In my recent column “Virus Leads to Crohn’s Complications and Hospital Stay,” I described my hospital stay earlier this year that lasted over seven weeks.
I was admitted because of a lung infection, and this led to a Crohn’s flare and complications, which included a shutdown of my intestines. When I left the hospital on Feb. 3, I still had many symptoms involving my GI system, as well as my lungs.
Once I was home from the hospital, I followed up with my gastroenterologist. We discussed my GI complications, as well as ongoing symptoms, including severe cramping, nausea, vomiting, and diarrhea.
He figured out that I was dealing with a prolonged Crohn’s flare as a result of being so sick and having been off Remicade (infliximab) for five months. I needed to start back on Remicade as soon as possible. However, my body had other plans.
In the following weeks, I felt my heart racing frequently and experienced shortness of breath while doing simple tasks. I saw a couple of my doctors, including my cardiologist. They told me that it wasn’t my heart or lungs causing issues, but it was likely deconditioning from being in the hospital. It was a plausible cause, but I had a gut feeling it was more than that.
On March 10, I was standing outside talking to a neighbor. I was very short of breath, so I went inside and checked my pulse and oxygen levels. My oxygen level was OK at 93 percent. However, my heart rate was 176! I called my doctor who sent me to the hospital.
I arrived at the hospital and had blood work done, including a D-dimer. This blood test detects protein fragments produced when a blood clot dissolves in the body. My level was very high. My doctor ordered an angiogram, and that showed I had multiple blood clots in both of my lungs, known as pulmonary embolisms.
Deep vein thrombosis and pulmonary embolisms
There are two main types of blood clots. Clots typically start in the legs, which is known as deep vein thrombosis (DVT). If undiagnosed, the clot can dislodge and travel up through the heart and into arteries in the lungs. When this happens, it’s known as a pulmonary embolism (PE). These clots are extremely dangerous, and approximately one in three people with undiagnosed pulmonary embolisms don’t survive.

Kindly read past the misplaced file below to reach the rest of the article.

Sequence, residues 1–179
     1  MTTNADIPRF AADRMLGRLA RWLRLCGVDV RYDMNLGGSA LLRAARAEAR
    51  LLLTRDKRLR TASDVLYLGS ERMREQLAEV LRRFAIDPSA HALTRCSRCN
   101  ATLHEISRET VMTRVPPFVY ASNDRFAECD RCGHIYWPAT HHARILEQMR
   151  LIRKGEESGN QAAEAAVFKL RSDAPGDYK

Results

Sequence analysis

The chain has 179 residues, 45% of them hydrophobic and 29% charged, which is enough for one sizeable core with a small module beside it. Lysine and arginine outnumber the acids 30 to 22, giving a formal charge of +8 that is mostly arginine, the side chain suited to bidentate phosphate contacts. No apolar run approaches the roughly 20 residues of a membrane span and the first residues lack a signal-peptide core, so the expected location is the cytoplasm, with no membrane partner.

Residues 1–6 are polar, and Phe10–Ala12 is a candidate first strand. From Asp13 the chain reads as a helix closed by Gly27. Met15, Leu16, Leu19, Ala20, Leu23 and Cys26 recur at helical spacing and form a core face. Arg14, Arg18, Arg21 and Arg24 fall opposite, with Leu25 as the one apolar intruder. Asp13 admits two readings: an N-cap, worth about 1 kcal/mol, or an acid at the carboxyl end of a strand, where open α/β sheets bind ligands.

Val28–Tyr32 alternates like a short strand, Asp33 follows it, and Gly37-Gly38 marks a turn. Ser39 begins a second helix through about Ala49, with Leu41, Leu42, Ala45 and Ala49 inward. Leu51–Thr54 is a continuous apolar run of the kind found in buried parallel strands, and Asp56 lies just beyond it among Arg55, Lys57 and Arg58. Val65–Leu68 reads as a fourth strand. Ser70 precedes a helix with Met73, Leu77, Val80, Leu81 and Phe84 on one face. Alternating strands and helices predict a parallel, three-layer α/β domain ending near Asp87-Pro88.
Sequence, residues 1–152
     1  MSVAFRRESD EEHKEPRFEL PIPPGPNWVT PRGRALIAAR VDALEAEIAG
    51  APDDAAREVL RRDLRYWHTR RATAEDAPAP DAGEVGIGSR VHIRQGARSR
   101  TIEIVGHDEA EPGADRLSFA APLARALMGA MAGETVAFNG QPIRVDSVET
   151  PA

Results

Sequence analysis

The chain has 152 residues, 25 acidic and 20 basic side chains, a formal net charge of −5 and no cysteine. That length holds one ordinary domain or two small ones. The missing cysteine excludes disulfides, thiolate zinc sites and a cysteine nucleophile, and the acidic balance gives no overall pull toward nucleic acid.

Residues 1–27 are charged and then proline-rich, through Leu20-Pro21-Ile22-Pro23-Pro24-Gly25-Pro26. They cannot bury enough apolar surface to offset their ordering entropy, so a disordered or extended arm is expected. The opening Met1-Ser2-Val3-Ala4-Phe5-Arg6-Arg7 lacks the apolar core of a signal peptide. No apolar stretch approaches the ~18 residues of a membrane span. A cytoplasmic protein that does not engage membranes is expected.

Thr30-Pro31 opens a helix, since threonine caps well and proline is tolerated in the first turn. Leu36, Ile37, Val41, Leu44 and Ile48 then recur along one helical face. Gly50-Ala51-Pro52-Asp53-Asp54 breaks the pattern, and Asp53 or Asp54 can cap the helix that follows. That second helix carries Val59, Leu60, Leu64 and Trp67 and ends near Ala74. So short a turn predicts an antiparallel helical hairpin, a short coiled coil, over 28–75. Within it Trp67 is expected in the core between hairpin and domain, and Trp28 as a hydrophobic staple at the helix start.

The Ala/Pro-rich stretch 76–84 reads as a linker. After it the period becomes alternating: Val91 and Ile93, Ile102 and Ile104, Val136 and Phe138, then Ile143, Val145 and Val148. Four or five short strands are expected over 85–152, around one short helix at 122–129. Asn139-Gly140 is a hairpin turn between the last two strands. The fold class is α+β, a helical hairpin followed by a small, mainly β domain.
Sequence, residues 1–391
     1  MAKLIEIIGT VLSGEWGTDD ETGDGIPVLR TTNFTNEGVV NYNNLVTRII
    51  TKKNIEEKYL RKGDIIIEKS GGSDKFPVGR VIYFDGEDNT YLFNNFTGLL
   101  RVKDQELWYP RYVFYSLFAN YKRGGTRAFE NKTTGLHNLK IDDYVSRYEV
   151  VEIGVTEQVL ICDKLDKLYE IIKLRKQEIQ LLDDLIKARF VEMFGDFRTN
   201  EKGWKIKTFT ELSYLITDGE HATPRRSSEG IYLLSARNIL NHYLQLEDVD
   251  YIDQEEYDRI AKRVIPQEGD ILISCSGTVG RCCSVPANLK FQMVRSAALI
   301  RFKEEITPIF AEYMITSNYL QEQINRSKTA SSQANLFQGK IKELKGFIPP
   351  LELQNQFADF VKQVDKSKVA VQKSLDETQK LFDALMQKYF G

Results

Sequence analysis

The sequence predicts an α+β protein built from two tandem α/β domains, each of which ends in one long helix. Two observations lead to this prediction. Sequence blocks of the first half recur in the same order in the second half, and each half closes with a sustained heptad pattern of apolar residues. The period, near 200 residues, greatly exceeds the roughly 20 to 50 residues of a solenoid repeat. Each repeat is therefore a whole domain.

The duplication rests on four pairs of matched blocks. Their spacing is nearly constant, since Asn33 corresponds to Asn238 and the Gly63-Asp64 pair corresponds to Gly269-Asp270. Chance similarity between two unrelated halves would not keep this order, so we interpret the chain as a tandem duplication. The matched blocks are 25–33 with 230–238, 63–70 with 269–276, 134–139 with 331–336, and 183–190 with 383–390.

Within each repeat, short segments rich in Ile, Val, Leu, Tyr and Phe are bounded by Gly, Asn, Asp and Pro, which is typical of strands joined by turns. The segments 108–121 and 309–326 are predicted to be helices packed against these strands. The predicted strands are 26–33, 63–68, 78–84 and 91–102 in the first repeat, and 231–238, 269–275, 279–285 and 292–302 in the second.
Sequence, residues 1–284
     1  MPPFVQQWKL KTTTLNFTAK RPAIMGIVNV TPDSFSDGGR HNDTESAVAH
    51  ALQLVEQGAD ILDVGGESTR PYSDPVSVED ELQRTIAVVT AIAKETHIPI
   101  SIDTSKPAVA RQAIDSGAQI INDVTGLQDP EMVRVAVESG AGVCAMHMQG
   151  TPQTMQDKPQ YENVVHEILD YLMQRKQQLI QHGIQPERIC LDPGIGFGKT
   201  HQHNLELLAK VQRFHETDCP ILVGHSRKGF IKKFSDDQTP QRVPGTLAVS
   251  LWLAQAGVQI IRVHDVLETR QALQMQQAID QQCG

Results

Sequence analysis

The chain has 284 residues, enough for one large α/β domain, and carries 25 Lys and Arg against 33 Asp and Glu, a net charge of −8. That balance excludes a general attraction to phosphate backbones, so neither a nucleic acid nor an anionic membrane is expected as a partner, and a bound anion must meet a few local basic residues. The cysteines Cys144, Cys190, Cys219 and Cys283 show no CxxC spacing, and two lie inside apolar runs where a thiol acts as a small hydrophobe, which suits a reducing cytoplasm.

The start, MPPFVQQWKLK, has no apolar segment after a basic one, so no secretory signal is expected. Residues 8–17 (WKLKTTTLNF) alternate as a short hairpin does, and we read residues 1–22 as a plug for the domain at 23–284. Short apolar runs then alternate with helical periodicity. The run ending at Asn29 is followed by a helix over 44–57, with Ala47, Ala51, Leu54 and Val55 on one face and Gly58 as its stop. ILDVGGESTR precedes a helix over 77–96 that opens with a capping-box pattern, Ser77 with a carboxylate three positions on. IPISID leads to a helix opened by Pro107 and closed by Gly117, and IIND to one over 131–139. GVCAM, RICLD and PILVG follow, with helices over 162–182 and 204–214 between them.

Symptoms of pulmonary embolisms include:
- Severe shortness of breath
- Chest discomfort
- Fast or irregular heart rate
- Sweats and more
Thankfully, once my doctor was aware of the clots, he promptly started treatment, and my chances of survival increased significantly. I was put on two different blood thinners to break down the clots and to prevent any additional clots from forming. The scary truth is that if I had not called my doctor that day, there’s a high likelihood I would have died.
What causes blood clots and what role does Crohn’s have?
You may be wondering why am I discussing blood clots in a Crohn’s disease column? Well, it turns out that Crohn’s may have played a role in how I developed the clots.
Typical risk factors for developing blood clots include:
- Prolonged immobility
- Medical conditions
This includes IBD! It turns out that IBD is a risk factor for developing blood clots. People with active Crohn’s are three times more likely than those who don’t have IBD to develop DVTs.
My doctor told me a couple of factors contributed to the blood clots. One was immobility from being bedridden more than seven weeks. My gastroenterologist is certain that Crohn’s played a part because I had been off Remicade for so long and in a Crohn’s flare for months.
Treating and preventing clots
Getting diagnosed early on is vital. If you think you may have a clot, seek medical help immediately. My pulmonologist told me that once someone has pulmonary embolisms, they are at a high risk of developing more clots. The protocol is to be on blood thinners for at least six months afterward. I take Coumadin (warfarin) and Lovenox (enoxaparin sodium).
It’s important to be educated about the side effects to watch out for and what dietary restrictions to follow while on blood thinners, as certain foods that contain high levels of vitamin K can affect how the medications work.
Note: IBD News Today is strictly a news and information website about the disease. It does not provide medical advice, diagnosis, or treatment. This content is not intended to be a substitute for professional medical advice, diagnosis, or treatment. Always seek the advice of your physician or other qualified health provider with any questions you may have regarding a medical condition. Never disregard professional medical advice or delay in seeking it because of something you have read on this website. The opinions expressed in this column are not those of IBD News Today, or its parent company, BioNews Services, and are intended to spark discussion about issues pertaining to IBD.
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